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02 | 2010

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Report Michigan Biotechnology Institute Molecular biology and microbiology laboratory Bringing new generations of feedstock and specialty chemicals to market is fraught with commercial risk, but one organization connected to a world-leading research university focuses on taking risk out of the equation. Not-for-profit MBI was founded in 1981 as the Michigan Biotechnology Institute to provide services to the biobased fuels, chemicals and specialty materials market. Now a wholly-owned subsidiary of the Michigan State University (MSU) Foundation, it is located in the University Corporate Research Park in Lansing, Michigan, where it operates a biobased technology development facility. fermentation vessels in the pilot plant MBI’s de-risking process involves taking early stage technologies and conducting a process development and scale-up plan that results in a commercially viable process. MBI is addressing a key service need in the emerging biobased industry – helping corporations and universities bridge the gap between early stage research and commercialization. MBI is closely connected and integrated with MSU’s broad network of bioeconomy resources, and maintains active collaborations with many top campus scientists. A key contributor to the advancement of biobased polymer development is MSU Distinguished Professor Ramani Nayaran. Dr. Nayaran’s team of researchers focuses on the design and engineering of sustainable biobased products, biodegradable plastics, reactive extrusion polymerization and life cycle analysis studies. Distinguished Professor Lawrence Drzal’s work in composites encompasses cellulose nanowhiskers, nanocomposites, natural fiber composites and biobased composite processing. Housed next to MBI is the laboratory of Dr. Bruce Dale, a leading authority in lignocellulosic biomass treatment/conversion processes and biofuel life cycle analysis. The MBI de-risking facility resides in a state-of-the-art, 11,000 m² development and commercialization center. It offers laboratories suited for microbiology work, including microorganism screening and development, plus isolation, purification and characterization of microbial products. Equipment for the cultivation of bacteria, fungi and algae are located in these laboratories, alongside equipment for culture harvest and product separation. Fermentation labs allow bench top experimentation and analytical 12 bioplastics MAGAZINE [02/10] Vol. 5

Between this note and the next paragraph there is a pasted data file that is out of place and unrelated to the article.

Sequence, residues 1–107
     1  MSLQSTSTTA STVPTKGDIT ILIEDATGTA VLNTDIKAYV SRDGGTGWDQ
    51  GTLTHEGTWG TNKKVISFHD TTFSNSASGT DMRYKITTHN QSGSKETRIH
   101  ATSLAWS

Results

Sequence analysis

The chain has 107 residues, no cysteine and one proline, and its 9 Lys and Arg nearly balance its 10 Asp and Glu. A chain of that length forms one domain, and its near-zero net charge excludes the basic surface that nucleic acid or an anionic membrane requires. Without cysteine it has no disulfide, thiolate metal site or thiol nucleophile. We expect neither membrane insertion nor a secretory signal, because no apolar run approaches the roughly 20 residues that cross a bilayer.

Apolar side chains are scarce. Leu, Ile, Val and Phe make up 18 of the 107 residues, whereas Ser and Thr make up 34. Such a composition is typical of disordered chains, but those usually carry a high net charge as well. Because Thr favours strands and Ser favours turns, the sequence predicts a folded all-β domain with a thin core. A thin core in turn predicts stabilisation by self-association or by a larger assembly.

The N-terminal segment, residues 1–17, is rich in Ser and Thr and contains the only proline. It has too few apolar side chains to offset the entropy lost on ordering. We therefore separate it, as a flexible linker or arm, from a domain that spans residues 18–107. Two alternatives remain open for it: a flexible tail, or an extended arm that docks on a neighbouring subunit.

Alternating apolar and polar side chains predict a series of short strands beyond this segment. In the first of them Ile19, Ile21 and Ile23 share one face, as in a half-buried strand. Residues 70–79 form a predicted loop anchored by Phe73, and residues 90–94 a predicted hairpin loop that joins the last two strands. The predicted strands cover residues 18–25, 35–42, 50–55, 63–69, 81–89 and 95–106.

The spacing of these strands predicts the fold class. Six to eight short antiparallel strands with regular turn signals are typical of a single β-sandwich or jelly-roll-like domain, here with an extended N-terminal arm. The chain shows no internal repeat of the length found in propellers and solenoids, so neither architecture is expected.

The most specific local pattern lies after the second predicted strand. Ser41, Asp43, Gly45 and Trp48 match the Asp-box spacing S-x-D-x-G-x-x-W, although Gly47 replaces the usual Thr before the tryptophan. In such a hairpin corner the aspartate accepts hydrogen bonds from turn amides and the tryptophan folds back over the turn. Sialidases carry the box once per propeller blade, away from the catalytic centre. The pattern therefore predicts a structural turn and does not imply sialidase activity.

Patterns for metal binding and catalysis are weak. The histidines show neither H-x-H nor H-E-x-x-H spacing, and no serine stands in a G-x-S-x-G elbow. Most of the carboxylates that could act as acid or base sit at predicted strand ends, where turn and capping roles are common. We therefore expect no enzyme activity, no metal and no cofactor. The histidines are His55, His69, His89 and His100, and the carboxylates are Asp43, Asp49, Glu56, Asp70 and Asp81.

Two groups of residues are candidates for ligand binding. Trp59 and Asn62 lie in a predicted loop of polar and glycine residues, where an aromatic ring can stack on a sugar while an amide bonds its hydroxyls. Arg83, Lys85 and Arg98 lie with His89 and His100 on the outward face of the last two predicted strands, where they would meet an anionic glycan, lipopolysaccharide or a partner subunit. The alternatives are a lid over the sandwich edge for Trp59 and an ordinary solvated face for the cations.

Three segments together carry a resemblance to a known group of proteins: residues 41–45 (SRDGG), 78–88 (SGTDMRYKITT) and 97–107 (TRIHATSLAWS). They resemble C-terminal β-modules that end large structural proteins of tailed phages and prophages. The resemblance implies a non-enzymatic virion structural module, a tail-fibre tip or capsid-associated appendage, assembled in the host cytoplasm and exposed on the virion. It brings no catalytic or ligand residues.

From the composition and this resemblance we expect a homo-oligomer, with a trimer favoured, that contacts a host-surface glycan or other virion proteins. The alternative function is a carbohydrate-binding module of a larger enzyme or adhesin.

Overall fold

Report Future work at MBI will focus on three areas of bio-based commercialization: Preparing biomass for processing in the Ammonia Fiber Expansion (AFEX) Process laboratories are available for analysis, characterization and quality control. An 1,800 m² pilot plant at MBI houses complete operations for biomass processing, fermentation, separation and purification. The three-level facility features modern equipment, instrumentation and computer-controlled systems for all stages of bioprocess scale-up. MBI can conduct biomass conversion via pretreatment, fermentation of a variety of sugar sources and purification process development. Fermentation can start in a shake flask, move to 10-liter and 20-liter vessels and then progress to 100- liter, 200-liter and 3,800-liter batches, all in the same facility. Raw materials can then be formulated and compounded into a variety of plastics or composites using university owned mixers and extruders. In addition to completing confidential de-risking projects for corporate clients, MBI uses its skills to help universities, foundations and government organizations fulfill their missions to accelerate bio-based technology development. “De-risking is what we do,” said Dr. Bobby Bringi, president and CEO of MBI. “We apply our multi-disciplined and experienced technical work force on a fee-for-service basis for corporate clients and also on projects that are government- or foundation-funded. The basic research can occur anywhere, but eventually those great ideas need to be validated through scale-up and a techno-economic analysis, and an ideal place to do that is MBI.” Readers of bioplastics MAGAZINE are familiar with the success PLA has had by emerging as one of the leading bioplastics materials. Early development work on PLA technology was completed at MBI. The body of work developed by MBI was acquired and developed by Cargill, eventually becoming the company known as NatureWorks. MBI also is known for developing a variety of organisms that can ferment succinic acid. Much like citric acid and lactic acid, succinic acid will grow in volume into a biobased building block chemical that will be used to create a variety of bioplastics. Several corporations are moving ahead with commercial facilities to produce a biobased succinic acid. • biomass conversion systems to produce non-food based raw materials such as sugars, oils and proteins; • commodity chemicals; and • specialty materials. “The industry needs to break free from the food versus fuel debate,” said David Jones, senior vice president of MBI. “In order to provide low cost and sustainable raw materials, future raw materials from non-food sources will be needed to complement the existing sugars.” MBI today is working to commercialize the Ammonia Fiber Expansion (AFEX) biomass pretreatment system developed by Dr. Dale’s group. The AFEX pretreatment system mixes ammonia with biomass in a reactor to modify cellulosic materials such as wheat straw, corn stover or switchgrass to reduce resistance to enzymatic hydrolysis. The ammonia reacts with the water in the biomass, generating increased temperatures and pressures. When the pressure is released, the ammonia releases into the gas phase. As the ammonia leaves the biomass, it expands the fibers and brings lignin to the surface. This allows the enzymes to more completely hydrolyze the material, creating sugars that can be used for fermentation. MBI’s focus on commodity chemicals will continue with organic acids. MBI is working to commercialize a new process for producing a bio-based fumaric acid used in unsaturated polyester resins for composite applications. It also is used in alkyd resins and as a food and animal feed acidulant. MBI has successfully produced fumaric acid via fermentation at the 3,000-liter scale. MBI also developed a unique fumaric acid separation process and currently is preparing patent applications for this new process technology, available for license in 2010. Specialty material development at MBI is done in conjunction with specific corporate client requests. “It is an exciting time to be involved in the bio-based industry,” Jones said. “The number of specialty material requests that we get continues to amaze me. We see new ideas for biobased surfactants, plasticizers, adhesives, polymers, cosmetics and nutraceuticals. MBI can provide the scale-up services for start-up companies and large chemical companies.” MBI believes that successful commercialization of new biobased technologies is not so much about managing the risk as it is about taking the risk out. Through a disciplined approach to development and scale-up, MBI is able to help the biobased industry de-risk discoveries to create viable commercial products. www.mbi.org bioplastics MAGAZINE [02/10] Vol. 5 13